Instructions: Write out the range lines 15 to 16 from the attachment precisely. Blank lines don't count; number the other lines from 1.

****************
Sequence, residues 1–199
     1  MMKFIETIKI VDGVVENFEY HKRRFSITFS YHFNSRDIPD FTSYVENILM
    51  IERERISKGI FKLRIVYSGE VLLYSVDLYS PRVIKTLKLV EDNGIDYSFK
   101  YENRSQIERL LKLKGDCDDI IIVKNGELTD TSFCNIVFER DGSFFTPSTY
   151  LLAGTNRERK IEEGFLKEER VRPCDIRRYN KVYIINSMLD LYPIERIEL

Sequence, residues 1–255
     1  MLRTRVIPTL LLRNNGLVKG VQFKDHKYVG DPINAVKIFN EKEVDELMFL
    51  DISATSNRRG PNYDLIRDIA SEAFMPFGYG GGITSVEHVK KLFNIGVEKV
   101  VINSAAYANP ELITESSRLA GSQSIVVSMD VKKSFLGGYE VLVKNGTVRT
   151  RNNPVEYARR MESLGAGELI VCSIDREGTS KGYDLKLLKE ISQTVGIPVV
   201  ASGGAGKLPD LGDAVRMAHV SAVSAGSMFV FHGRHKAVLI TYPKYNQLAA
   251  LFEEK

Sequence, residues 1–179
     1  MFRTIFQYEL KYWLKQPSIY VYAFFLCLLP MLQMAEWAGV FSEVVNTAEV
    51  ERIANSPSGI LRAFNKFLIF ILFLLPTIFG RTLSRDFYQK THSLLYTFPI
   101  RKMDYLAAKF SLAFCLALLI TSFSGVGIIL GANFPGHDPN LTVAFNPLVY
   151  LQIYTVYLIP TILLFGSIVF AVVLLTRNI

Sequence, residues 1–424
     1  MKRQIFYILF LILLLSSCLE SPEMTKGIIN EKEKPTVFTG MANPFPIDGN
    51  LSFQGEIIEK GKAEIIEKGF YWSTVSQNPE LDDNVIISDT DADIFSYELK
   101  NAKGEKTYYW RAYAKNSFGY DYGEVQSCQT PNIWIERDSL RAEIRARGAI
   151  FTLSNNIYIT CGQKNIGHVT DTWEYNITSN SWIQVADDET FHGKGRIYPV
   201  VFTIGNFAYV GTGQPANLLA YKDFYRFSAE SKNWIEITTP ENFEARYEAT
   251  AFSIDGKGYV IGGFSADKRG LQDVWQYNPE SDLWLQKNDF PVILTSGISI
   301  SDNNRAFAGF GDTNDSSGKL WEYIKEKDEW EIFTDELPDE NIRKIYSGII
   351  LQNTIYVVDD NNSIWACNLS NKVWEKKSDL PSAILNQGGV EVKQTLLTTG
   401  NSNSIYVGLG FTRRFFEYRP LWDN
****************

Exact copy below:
    51  ERIANSPSGI LRAFNKFLIF ILFLLPTIFG RTLSRDFYQK THSLLYTFPI
   101  RKMDYLAAKF SLAFCLALLI TSFSGVGIIL GANFPGHDPN LTVAFNPLVY